If your experience is anything like my own, making time for this practice of silence and stillness will not be easy – not in the world we all live in. That’s one reason Jon Kabat-Zinn calls mindfulness practice the “hardest work in the world.”[16]

Make no mistake, however: it is worth it.  It is worth every minute you give to the practice. Take it from C.S. Lewis, who advocates a similar approach after suggesting that “The real problem of the Christian life comes where people do not usually look for it”:

It comes the very moment you wake up each morning.  All your wishes and hopes for the day rush at you like wild animals.  And the first job each morning consists simply in shoving them all back; in listening to that other voice, taking that other point of view, letting that other larger, stronger, quieter life come flowing in.  And so on, all day.  Standing back from all your natural fussings and frettings; coming in out of the wind. We can only do it for moments at first.  But from those moments the new sort of life will be spreading through our system:  because now we are letting Him work at the right part of us.”[17]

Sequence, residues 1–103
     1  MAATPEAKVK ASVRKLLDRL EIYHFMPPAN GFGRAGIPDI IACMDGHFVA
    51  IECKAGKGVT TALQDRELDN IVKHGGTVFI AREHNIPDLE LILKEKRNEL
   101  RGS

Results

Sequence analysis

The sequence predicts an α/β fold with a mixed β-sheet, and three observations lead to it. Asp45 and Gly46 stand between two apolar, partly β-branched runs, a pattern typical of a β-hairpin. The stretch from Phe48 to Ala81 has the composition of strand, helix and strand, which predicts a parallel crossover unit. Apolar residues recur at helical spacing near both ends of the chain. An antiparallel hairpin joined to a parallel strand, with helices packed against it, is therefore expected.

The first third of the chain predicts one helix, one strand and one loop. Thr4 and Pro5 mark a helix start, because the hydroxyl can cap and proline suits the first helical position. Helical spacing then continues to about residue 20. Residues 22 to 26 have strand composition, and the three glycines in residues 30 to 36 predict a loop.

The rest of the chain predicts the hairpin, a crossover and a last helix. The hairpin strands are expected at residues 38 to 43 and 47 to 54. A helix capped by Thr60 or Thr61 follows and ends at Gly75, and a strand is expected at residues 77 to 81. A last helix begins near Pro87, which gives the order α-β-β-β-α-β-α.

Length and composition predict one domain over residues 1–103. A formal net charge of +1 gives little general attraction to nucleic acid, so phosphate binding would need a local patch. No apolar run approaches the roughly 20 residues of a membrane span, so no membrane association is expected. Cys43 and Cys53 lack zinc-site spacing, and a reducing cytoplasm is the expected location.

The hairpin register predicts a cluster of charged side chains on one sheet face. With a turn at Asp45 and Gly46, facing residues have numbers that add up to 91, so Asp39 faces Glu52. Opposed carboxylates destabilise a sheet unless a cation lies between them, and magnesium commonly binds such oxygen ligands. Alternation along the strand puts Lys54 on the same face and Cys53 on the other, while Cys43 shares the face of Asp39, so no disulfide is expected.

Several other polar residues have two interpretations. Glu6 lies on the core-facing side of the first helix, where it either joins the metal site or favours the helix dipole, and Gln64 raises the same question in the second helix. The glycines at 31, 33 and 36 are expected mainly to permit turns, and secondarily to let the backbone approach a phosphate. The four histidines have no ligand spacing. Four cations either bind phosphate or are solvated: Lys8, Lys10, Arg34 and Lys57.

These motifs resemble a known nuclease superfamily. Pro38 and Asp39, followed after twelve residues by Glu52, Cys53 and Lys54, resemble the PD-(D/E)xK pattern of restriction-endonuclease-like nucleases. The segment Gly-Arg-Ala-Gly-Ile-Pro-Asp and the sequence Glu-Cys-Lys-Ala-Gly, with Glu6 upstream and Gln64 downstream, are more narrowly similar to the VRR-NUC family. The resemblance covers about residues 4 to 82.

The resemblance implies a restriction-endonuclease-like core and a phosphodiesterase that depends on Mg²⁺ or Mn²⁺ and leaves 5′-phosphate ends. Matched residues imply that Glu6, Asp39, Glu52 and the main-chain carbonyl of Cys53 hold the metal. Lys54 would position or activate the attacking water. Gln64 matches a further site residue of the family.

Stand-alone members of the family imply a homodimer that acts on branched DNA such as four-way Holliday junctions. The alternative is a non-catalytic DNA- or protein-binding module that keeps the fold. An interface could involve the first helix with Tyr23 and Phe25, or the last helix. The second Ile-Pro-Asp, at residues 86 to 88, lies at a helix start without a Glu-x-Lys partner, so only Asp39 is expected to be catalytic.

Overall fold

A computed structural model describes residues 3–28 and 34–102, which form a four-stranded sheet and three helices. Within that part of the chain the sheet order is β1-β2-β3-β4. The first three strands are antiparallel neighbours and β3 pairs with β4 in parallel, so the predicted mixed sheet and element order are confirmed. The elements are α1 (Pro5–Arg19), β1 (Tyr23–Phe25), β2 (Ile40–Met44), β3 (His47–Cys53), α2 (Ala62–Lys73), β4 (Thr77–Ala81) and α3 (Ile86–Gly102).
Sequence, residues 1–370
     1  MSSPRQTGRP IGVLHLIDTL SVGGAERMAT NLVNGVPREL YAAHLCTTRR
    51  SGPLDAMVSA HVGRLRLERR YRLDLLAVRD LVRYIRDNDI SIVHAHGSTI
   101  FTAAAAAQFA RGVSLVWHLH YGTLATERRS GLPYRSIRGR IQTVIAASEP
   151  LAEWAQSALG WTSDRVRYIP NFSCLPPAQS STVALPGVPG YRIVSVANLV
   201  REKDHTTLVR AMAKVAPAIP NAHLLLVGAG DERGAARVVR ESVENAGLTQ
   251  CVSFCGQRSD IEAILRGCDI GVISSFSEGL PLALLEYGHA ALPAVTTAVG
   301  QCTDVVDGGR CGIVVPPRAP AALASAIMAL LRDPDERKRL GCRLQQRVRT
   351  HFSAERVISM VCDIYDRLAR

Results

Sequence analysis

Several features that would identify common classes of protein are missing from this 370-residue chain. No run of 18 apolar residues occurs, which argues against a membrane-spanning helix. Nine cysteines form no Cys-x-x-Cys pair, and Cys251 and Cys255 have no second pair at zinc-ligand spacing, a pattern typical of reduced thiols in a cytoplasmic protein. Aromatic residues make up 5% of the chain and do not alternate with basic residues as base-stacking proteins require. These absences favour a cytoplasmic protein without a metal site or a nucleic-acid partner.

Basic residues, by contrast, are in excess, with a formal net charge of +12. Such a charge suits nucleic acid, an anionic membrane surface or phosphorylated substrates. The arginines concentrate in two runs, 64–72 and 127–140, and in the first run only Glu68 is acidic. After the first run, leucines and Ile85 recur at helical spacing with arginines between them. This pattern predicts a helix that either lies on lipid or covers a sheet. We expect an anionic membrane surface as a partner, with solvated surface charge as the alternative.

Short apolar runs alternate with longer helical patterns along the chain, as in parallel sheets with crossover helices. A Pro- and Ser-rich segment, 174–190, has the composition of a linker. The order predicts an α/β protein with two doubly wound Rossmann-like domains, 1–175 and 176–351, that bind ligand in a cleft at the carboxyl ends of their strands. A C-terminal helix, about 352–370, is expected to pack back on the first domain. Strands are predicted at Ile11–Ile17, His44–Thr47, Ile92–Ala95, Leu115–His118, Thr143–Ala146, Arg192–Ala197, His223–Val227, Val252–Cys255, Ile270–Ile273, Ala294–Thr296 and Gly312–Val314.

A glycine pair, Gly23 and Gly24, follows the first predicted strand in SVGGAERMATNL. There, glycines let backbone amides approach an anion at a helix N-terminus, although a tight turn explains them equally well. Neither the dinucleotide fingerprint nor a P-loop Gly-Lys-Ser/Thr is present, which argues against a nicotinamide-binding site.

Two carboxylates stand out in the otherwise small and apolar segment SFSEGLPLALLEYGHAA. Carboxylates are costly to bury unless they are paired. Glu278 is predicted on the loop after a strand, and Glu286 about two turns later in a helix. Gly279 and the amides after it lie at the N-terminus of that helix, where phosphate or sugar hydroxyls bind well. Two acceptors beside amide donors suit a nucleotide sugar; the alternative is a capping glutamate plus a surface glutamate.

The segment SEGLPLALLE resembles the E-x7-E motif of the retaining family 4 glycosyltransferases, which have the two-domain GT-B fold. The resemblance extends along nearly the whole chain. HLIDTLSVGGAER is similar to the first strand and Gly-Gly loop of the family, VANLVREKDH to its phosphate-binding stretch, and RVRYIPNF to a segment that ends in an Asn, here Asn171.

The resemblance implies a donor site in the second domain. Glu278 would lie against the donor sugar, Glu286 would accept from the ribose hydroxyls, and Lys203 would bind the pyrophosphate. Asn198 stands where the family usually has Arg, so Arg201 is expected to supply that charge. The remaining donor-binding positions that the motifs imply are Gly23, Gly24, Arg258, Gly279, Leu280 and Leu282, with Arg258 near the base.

As we make time for God to reach us in our stillness and silence, the gospel might just come to feel new – including to those who have stepped away. Like the Corn Flakes commercial of years ago, we might just “taste it again for the very first time.” And perhaps this time, it will actually taste Mmmm good!

[1] David A. Bednar, “Missionary work, family history work and temple work,” Ensign (2014, October), 33.

[2] Dieter F. Uchtdorf, “Come, join with us,” Ensign (2013, October).

[3] Maybe in an earlier, more tranquil time – without internet, cell phones, and the adoration of efficiency – framing the gospel as a set of doings was easier to process. The problems highlighted here (and addressed by mindfulness) do seem uniquely pressing in the current age.

[4] There is more and more attention to “language of practice” in a variety of contexts and fields – especially as a way to improve the “fit” between what we actually do and how we talk about it. See Hess, J. Z. (2005). Scientists in the swamp: Narrowing the language-practice gap in community psychology. Special issue “Community Psychology and Science,” American Journal of Community Psychology. 35(3-4), 239-252.

[5] John 10:10

[6] Terryl Givens, “The Worldwide Church: The Global Reach of Mormonism,” BYU Church History Symposium (2014). Retrieved September 12, 2014 from: https://rsc.byu.edu/symposia/churchhistory/2014

[7] For anyone following the prophets and auxiliary leaders, they will know this is something they are already consistently doing – with new insights and ways to approach and think about spiritual practice emerging in virtually any talk.